The General Secretary of The World Methodist Council (WMC), Bishop Ivan Abrahams expressed shock at the Pittsburgh Synagogue shooting which claimed the lives of 11. He strongly condemned the attack on unarmed civilians gathered for worship. “There is no place for hate speech and ant-Semitism in a society which espouses democratic values,” said Abrahams. On behalf of The WMC, Abrahams conveyed sincere condolences to the family and friends of those killed and pledged support and continued prayers for a speedy and full recovery of those injured in this cowardly act of violence.
Four days after an earthquake and tsunami destroyed major parts of Sulawesi, in the Indonesian archipelago, the death toll exceeds one thousand with many more injured. Indonesia lies on the Pacific “Ring of Fire” and is prone to natural disasters. The General Secretary of the World Methodist Council, Bishop Ivan Abrahams, expressed condolences to the people of Indonesia and called on the Methodist community to pray and support those affected by the recent catastrophe.
The World Methodist Council (WMC) joined leaders from around the world to pay tribute to Kofi Annan, who died aged 80 after a brief illness. Kofi Annan was the first sub-Saharan African to lead the United Nations (1997-2006). His deep commitment to justice, human rights and championing the fight against HIV and AIDS earned him the Nobel Peace Prize. In 1998, the WMC recognized his contribution and honored him with the Methodist Peace Award. Former WMC President, Dr. Francis Alguire recalls Kofi Annan’s acceptance speech at the ceremony in the Chapel of the United Methodist Women across from the United
The World Methodist Council condemns the deadly attacks in Damboa in Borno State, Nigeria where suspected Boko Haram jihadists targeted people celebrating the Eid al-Fitr holiday. At least 32 people were confirmed dead and 84 were reported injured. World Methodist Council General Secretary Ivan Abrahams expressed condolences to the families of those killed and called on all peace-loving people to pray for them and for those injured. He said, “Once again we see innocent civilians bearing the brunt of an indiscriminate attack at a religious celebration.” The United Nations humanitarian coordinator in Nigeria, Myrta Kaulard, says that 1.7 million people have been displaced by
(from the Methodist Church in Britain) A new initiative calling for improved rights and better support for ‘stateless’ people has been backed by the former Archbishop of Canterbury, Dr Rowan Williams and Rabbi Hershel Gluck OBE, chairman of the Arab-Jewish Forum. The pair have joined 110 religious and faith leaders in signing a statement urging the UK Government to do more to welcome those who no longer have a country to call their home. The move comes during Inter Faith Week (12-19 November) which seeks to build on the good relationships and partnerships between people of very diverse faiths and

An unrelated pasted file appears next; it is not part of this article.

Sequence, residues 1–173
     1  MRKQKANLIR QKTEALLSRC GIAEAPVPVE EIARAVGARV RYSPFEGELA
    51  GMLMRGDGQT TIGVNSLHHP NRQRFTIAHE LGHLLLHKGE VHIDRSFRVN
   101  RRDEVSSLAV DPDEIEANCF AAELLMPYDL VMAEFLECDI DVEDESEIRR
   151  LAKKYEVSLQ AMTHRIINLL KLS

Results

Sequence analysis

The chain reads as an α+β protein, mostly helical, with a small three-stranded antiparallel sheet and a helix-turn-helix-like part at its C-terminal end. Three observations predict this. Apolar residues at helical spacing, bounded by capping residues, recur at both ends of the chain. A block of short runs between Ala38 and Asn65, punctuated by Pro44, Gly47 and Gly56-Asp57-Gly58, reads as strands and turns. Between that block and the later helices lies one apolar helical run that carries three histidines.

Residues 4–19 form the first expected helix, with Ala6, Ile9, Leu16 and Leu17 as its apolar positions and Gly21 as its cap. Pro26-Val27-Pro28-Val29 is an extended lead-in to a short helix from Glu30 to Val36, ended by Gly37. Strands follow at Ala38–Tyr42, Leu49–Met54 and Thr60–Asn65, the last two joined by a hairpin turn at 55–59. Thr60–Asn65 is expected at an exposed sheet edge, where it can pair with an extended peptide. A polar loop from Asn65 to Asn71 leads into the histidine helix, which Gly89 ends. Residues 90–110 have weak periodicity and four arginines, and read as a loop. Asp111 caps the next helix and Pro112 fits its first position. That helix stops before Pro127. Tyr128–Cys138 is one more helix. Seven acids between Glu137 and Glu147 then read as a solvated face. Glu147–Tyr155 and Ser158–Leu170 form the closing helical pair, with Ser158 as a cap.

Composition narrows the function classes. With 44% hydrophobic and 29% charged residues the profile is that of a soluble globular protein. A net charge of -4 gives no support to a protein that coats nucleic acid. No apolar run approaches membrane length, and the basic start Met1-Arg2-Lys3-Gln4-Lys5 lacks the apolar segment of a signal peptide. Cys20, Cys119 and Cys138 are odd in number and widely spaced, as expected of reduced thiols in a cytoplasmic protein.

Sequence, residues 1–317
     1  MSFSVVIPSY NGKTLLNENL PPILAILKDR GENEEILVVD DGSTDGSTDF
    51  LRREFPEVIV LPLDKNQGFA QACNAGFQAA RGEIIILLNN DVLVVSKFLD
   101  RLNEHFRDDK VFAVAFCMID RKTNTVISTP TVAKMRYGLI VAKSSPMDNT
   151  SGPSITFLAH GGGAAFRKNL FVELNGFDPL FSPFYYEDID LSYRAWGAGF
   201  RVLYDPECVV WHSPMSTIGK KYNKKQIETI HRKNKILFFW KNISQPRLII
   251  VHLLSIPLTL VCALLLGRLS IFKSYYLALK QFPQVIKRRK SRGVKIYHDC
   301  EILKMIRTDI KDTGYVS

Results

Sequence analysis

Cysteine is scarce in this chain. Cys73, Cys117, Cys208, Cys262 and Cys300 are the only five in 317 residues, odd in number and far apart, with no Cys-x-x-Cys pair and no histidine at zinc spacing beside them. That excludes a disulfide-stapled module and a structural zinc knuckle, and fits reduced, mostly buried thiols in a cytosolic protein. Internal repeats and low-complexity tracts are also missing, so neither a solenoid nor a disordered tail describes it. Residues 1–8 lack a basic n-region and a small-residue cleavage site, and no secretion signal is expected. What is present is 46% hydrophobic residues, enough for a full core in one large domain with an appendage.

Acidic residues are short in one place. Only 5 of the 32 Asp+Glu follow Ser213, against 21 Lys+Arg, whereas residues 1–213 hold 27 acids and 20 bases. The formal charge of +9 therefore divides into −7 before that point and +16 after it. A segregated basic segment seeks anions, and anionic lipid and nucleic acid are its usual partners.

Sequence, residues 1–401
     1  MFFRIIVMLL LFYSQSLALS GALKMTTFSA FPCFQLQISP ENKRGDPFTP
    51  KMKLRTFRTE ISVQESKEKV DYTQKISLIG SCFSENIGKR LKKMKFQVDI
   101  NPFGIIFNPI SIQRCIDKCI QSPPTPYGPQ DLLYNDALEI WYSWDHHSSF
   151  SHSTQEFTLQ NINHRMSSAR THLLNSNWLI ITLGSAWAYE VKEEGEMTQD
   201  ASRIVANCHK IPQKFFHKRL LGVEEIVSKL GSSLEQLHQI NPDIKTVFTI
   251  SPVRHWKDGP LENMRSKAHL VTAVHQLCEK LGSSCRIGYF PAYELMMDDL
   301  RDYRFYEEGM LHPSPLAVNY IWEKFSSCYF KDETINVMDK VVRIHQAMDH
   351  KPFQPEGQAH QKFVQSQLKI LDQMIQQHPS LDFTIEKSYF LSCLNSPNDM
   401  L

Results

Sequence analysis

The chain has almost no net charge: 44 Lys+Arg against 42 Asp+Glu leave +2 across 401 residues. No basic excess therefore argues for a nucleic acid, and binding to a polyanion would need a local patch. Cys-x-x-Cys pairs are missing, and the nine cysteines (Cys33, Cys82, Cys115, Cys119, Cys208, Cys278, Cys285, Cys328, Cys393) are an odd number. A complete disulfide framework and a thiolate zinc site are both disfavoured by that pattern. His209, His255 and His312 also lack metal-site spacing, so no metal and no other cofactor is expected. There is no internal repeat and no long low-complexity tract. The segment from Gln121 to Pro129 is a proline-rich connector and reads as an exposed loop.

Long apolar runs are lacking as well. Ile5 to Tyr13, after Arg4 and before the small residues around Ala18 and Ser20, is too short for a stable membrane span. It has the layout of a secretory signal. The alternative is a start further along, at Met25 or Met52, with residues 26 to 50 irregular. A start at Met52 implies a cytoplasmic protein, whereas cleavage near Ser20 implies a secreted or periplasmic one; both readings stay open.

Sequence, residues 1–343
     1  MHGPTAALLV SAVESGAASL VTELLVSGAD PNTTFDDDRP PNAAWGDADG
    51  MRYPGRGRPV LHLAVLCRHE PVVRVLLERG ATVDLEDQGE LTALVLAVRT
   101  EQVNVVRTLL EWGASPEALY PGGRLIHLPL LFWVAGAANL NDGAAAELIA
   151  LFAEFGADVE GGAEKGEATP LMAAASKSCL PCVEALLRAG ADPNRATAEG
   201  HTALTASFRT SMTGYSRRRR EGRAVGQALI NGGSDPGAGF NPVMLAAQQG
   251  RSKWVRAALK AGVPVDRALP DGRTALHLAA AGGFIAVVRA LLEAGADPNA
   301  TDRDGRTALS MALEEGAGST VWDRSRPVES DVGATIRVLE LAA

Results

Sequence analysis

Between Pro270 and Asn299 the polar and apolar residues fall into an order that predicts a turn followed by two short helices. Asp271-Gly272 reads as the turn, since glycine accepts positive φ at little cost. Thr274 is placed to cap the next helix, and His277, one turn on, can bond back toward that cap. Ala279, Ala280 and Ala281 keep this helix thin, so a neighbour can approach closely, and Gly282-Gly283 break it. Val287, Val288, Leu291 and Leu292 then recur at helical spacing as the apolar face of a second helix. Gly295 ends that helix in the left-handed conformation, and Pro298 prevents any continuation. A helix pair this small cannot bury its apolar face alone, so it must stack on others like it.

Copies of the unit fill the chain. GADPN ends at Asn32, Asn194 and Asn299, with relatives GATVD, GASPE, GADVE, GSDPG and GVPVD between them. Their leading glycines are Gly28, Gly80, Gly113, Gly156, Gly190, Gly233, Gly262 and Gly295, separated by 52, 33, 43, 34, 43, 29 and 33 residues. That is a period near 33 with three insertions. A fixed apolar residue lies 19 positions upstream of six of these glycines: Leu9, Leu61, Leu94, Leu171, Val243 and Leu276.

The World Methodist Council notes with alarm the “ethnic cleansing” of minority Muslims known as the Rohingya by security forces in Myanmar’s Rakhine province. It is estimated that at least 400 and possibly as many as 1,000 of the Rohingya ethnic minority have died since 25 August as a result of clashes and attacks on civilians including women and children. We condemn the violence, persecution and human rights abuses of the Rohingya by Rakhine Buddhists and government personnel, and we appeal to State Counsellor and Nobel Peace Prize laureate Aung San Suu Kyi and her government to stop the abuse and
Friday, September 8, 2017 Thank You, Moving On, and Moving Forward by Senior Bishop Lawrence Reddick Dear CME Family: As the presiding bishop of the Eighth Episcopal District (the Jamaica Region and five Texas Regions), I am eternally grateful to the hosts of persons from across the Connection who have poured concern and aid into the Eighth Episcopal District by praying, by giving to one of the several churches listed in the brief messages I’ve sent in the last two weeks, or by coming to Texas and giving assistance in the southeastern part of the State with your labors. The
Council of Churches in Sierra Leone Statement on the August 14 2017 Flooding and Mud Slide in Freetown In the early hours of Monday August 14, 2017, parts of the capital city Freetown was overtaken by massive flooding and mud slides that led to the loss of hundreds of lives and millions of dollars in property. Communities worst affected are Regent, and Kamayama in the west and Kissy and waterloo in the East end of the city. In the last 24 hours, the Council of Churches has received many phone calls, e-mails and letters from our many partners around the
The Council of Bishops of the African Methodist Episcopal Church condemns the violence that exploded in Charlottesville, Virginia. The “Unite the Right” march was sponsored by white supremacists, white nationalists, and the Ku Klux Klan to protest the removal of a statue of General Robert E. Lee. It was responded to by counter protestors.
August 11-12 in Charlottesville, Virginia we began to witness images of white nationalism, protests, counter-protests, violence, death, and tragedy. I denounce any behavior couched as Christian that dehumanizes people and elevates one group over another. Our doctrine as Christians and history as Wesleyans in particular compels us not to be silent or inactive, but to engage in love. I call on all Wesleyan Churches to pray for our nation, Charlottesville, and for pastors and community leaders on the front lines risking their safety there.